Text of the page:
Thomas Oberthür, Peter Läderach, H. A. Jürgen Pohlan & James H. Cock (2012): Specialty Coffee: Managing Quality

Helmut Eißner


International Plant Nutrition Institute, Southeast Asia Program (IPNI SEAP), Penang, Malaysia,
x +347 pp., 36 tables, 68 figures, hardcover, ISBN 13: 978-983-445-0311

The definition of „specialty coffee“ in its beginning was similar to the wine model and quite simple: “Special geographic microclimates and soils produce coffee with unique flavour profiles”. While in the case of wine, the final product is created completely under responsibility of one single farmer or company, in coffee the situation is much more complex and vulnerable. The food chain begins at the farm, before the coffee cherries come to millers, to intermediaries, to exporters, to roasters and finally to the consumers. Every step in this chain does influence coffee quality. For specialty coffee in its long journey from the tree to the cup, specific parameters and standards for each region, product and actor in the whole process must be analysed and defined.

This extraordinary complex task requires an orchestrated collaboration from experts in different scientific fields, achieved successfully by the four editors with 42 contributors.

In the foreword, the global issues of coffee production and consumption of the last 40 years are presented and the urgent need for more sustainable crop practices and management options is outlined. The introduction chapter gives a good overview about coffee quality, including the production system, inherent quality factors and taste.

The background and concepts for better taste are subject in part one of the book, detailed in four chapters. Examples are given to compare different coffee growing regions, e.g. Ethiopia and Costa Rica. An outstanding chapter is the analysis of climate change in Mesoamerica on coffee. At the first time for this crop, climate and geographic models are combined. Many high risk areas for future coffee growing are identified, but some potential new areas too.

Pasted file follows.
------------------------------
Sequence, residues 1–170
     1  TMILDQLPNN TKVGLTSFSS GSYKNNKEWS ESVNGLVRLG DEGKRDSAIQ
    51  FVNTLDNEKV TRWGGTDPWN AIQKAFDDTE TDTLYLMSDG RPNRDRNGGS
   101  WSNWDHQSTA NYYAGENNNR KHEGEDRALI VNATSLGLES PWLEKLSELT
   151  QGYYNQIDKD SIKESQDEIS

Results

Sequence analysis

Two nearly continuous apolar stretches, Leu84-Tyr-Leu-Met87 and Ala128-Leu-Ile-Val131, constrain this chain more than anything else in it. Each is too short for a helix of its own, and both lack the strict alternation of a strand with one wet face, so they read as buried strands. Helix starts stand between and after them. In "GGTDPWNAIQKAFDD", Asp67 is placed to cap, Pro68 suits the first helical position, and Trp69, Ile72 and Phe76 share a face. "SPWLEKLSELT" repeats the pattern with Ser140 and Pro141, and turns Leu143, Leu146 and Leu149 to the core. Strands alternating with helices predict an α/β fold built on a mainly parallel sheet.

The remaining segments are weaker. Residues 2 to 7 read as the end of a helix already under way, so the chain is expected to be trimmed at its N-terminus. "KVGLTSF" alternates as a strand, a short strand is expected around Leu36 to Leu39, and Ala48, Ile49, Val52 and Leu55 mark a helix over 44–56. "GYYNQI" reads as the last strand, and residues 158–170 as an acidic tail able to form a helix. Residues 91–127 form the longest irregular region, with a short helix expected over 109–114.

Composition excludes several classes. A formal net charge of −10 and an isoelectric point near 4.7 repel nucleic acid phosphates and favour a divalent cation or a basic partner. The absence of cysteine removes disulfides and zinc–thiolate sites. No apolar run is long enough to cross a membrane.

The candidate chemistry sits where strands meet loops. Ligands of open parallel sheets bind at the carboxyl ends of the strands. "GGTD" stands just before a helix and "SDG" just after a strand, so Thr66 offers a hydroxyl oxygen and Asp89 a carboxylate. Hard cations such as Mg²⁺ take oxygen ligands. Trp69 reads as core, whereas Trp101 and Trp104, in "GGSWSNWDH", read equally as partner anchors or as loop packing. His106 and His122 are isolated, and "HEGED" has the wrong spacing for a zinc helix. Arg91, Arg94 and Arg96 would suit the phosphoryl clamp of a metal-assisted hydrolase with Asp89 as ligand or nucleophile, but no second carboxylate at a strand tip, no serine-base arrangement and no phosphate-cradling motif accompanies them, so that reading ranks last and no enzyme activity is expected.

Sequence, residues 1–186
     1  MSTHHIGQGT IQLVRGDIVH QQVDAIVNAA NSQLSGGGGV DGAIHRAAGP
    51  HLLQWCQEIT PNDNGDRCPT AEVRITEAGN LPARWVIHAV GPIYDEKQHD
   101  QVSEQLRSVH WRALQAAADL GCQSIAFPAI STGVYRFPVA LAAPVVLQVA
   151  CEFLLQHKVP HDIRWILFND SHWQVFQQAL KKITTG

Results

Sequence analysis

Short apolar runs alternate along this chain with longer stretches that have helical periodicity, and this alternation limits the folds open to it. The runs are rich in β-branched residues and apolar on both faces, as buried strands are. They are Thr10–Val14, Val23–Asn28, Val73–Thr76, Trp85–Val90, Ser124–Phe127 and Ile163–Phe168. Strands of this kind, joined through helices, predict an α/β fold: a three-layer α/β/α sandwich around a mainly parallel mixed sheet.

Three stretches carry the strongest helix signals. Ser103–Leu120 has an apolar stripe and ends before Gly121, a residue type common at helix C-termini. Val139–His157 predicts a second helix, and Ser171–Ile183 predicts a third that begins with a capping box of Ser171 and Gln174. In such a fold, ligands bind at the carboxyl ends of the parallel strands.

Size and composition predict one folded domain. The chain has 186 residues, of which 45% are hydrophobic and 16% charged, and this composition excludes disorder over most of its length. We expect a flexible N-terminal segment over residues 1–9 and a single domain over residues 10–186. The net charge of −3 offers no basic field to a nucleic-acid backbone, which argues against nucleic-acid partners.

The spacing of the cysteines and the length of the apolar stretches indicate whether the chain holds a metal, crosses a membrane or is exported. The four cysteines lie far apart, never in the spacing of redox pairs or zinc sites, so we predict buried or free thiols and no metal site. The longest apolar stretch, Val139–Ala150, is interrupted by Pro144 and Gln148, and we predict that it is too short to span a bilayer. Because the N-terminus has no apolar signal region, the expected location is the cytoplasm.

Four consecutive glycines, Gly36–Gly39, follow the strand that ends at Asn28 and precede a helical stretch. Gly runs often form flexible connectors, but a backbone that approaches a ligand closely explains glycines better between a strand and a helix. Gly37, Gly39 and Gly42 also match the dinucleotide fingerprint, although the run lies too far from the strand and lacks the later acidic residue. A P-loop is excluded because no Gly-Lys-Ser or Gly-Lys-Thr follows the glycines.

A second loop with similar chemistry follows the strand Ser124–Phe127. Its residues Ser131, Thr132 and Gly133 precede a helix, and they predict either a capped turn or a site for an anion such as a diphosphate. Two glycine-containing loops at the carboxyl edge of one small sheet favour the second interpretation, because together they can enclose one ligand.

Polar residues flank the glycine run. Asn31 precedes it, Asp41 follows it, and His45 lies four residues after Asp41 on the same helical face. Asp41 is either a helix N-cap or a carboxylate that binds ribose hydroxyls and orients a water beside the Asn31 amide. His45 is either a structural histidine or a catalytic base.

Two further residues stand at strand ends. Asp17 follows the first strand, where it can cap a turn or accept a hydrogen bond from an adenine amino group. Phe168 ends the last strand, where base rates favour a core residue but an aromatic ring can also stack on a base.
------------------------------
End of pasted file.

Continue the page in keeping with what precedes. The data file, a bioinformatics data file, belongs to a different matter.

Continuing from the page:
In part two, the crop management of specialty coffee is presented in six chapters. All important components are involved, from coffee physiology, breeding, plant nutrition, field management practices, the impact of pests and diseases until the complete post-harvesting coffee processing. Particular emphasis is given to an integrated approach to meet changing climatic conditions and to minimise environmental degradation.

The third part of this remarkable book deals with the value chain management in five chapters. Prerequisites of business models that ensure equitable benefits all along the supply chain are outlined in chapter 3.1 and illustrated with case studies in the next chapter. The impact of these business models on coffee producers is analysed in chapter 3.3 with special emphasis to reduce seasonal food insecurity. Recommendations for measuring green coffee quality on farm level are given in chapter 3.4. Finally, chapter 3.5. illustrates how modern information technology can improve management of the supply chain.

All single chapters contain an actual bibliography, facilitating deeper insights in specific areas. This book is the first comprehensive roadmap for managing specialty coffee. The exemplary prediction of climate change on coffee growing in Mesoamerica should be adopted to other coffee regions worldwide. For its holistic approach, the book is a “must have” for all one, interested seriously in growing and processing high-quality coffee.

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